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Expert Opin Investig Drugs. 2000 Apr;9(4):695-711.

Neuroprotection in cerebrovascular disease.

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Jain PharmaBiotech, Bläsiring 7, CH-4057 Basel, Switzerland.


The role of neuroprotection in the management of acute cerebrovascular disease is reviewed. Neuroprotection is a valuable adjunct to thrombolytic therapy in acute cerebral ischaemia. Various pharmacological approaches for neuroprotection are based on the current knowledge of molecular events in the pathophysiology of cerebral ischaemia. Reperfusion injury following restitution of circulation is also considered to be mediated by free radicals. Various strategies include free radical scavengers, anti-excitotoxic agents, apoptosis (programmed cell death) inhibitors, anti-inflammatory agents, metal ion chelators, ion channel modulatory, antisense oligonucleotides and gene therapy. The various agents aim to prevent the progression of ischaemic cascade therefore reducing brain damage and some of these intervene at more than one point in the ischaemic cascade. Neuroprotection is considered as an adjunct to therapies designed to improve cerebral circulation such as thrombolytic agents for arterial thrombosis. Clinical effectiveness of some of the strategies has not be proven in clinical trials, some of which had to be abandoned due to adverse effects outweighing the beneficial effects. Efforts to develop new neuroprotective agents continue and prospects for the introduction of an effective neuroprotective agent(s) in the next few years are good. Apart from acute cerebrovascular disease, neuroprotective therapy has a role in preventing cerebral ischaemia in high risk cardiovascular procedures as well as in neurodegenerative disorders which has some common pathomechanisms with cerebrovascular disease. Currently, the most promising agents are free radical scavengers. In the near future, gene therapy approaches are likely to prove more effective in neuroprotection.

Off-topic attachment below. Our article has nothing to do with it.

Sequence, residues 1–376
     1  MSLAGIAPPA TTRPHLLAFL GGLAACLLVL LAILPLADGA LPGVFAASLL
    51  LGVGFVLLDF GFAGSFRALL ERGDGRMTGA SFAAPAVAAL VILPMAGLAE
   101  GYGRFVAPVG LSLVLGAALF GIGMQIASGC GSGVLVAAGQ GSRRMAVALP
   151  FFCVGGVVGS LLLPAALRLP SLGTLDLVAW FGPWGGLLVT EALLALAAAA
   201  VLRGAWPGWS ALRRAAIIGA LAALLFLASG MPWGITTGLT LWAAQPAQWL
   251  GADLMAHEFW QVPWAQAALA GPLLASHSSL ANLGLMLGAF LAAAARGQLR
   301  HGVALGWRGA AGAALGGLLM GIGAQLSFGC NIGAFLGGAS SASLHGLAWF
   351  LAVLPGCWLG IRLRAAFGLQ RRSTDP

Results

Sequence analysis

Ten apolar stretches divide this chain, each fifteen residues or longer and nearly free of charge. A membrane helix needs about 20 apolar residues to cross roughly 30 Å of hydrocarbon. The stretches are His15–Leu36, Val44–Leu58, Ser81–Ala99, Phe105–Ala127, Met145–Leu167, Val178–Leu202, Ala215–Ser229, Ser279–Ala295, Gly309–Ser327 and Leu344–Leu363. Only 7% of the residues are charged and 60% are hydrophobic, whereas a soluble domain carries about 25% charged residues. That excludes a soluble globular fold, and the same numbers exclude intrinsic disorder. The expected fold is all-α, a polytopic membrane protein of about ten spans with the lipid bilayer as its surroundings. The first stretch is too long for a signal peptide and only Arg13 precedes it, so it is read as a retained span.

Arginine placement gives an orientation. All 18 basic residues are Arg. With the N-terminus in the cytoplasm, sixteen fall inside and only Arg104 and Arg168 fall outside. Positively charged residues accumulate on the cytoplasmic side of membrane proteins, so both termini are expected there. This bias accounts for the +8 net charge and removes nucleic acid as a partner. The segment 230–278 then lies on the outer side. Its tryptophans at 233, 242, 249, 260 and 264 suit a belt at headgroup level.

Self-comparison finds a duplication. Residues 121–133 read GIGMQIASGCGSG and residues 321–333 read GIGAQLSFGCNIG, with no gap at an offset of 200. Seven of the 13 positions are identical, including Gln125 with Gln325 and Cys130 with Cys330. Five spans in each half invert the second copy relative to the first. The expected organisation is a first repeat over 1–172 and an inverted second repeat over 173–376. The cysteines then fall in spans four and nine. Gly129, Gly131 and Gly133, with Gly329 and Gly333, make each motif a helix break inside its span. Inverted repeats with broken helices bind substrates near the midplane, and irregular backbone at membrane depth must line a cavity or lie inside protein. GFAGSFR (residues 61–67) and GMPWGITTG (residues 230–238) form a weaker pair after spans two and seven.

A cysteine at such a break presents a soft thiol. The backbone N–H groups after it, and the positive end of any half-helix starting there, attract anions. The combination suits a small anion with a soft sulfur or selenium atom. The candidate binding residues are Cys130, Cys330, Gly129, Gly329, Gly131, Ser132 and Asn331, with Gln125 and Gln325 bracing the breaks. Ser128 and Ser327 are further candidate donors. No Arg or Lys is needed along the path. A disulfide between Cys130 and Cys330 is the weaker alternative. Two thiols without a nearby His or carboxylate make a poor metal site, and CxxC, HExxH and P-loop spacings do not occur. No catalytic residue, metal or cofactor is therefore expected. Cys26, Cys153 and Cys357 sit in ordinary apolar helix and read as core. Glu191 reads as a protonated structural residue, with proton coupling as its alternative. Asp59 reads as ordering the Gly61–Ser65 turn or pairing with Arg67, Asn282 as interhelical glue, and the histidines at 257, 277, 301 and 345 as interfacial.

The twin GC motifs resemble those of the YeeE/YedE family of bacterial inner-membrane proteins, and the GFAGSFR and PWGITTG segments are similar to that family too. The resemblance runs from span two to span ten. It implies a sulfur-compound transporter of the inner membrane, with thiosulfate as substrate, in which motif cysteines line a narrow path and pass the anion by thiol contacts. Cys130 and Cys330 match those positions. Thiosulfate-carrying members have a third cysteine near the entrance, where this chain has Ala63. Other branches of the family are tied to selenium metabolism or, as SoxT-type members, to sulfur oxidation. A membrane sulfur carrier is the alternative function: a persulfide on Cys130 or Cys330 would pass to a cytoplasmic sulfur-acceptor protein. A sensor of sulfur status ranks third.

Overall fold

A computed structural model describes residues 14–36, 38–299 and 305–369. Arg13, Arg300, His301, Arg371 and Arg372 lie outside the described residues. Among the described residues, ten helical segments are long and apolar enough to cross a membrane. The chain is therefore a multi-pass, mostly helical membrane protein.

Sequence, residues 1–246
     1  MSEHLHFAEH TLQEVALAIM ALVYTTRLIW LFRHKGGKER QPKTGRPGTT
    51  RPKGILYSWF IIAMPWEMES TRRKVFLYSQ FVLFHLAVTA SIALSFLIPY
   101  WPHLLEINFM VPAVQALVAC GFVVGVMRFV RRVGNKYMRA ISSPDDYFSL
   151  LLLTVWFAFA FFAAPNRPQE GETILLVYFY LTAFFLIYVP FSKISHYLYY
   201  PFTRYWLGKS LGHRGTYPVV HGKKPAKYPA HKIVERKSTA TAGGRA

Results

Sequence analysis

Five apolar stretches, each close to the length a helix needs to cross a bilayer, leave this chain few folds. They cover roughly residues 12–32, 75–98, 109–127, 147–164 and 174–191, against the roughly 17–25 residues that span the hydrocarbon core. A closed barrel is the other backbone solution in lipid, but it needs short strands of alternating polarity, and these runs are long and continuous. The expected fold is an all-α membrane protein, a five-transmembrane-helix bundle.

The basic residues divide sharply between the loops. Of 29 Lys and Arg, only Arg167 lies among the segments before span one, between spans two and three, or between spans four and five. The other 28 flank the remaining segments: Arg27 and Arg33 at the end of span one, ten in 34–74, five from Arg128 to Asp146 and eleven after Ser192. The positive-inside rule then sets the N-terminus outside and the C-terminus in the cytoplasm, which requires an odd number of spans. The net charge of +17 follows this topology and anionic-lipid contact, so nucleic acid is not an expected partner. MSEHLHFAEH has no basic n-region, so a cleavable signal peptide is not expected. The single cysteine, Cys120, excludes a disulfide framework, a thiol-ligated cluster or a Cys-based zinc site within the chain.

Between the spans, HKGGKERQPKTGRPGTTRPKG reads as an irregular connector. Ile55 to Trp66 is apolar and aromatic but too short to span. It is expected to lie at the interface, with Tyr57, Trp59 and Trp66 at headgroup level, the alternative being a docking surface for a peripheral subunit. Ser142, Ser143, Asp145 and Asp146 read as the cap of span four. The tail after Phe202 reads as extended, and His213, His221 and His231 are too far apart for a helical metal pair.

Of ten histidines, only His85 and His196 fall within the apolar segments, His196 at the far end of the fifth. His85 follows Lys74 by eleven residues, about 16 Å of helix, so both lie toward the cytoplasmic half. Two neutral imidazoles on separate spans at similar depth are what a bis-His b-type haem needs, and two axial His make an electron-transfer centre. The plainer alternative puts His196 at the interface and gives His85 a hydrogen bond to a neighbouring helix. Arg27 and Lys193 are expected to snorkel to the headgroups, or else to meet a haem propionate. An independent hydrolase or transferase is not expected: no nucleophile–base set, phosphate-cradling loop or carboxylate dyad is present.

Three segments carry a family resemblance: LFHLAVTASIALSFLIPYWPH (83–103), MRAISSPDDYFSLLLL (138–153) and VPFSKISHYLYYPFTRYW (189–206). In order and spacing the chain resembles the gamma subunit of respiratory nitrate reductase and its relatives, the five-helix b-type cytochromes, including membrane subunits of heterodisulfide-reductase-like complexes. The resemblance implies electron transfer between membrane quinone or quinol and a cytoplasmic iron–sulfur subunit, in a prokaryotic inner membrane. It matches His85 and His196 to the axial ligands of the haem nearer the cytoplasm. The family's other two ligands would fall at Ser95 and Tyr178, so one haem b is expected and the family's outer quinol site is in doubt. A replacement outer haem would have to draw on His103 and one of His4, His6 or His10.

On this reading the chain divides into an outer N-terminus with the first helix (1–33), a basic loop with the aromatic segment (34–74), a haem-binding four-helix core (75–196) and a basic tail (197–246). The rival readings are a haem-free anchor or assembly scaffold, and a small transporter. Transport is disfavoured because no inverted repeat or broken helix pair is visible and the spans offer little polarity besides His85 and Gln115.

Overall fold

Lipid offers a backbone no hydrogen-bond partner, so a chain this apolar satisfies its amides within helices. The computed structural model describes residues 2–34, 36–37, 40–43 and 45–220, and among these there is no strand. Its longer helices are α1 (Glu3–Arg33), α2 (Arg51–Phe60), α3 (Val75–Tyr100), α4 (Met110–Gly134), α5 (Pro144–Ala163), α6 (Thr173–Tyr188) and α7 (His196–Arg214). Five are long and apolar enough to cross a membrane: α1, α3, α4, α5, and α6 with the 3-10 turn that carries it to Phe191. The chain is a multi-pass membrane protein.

[Indexed for MEDLINE]

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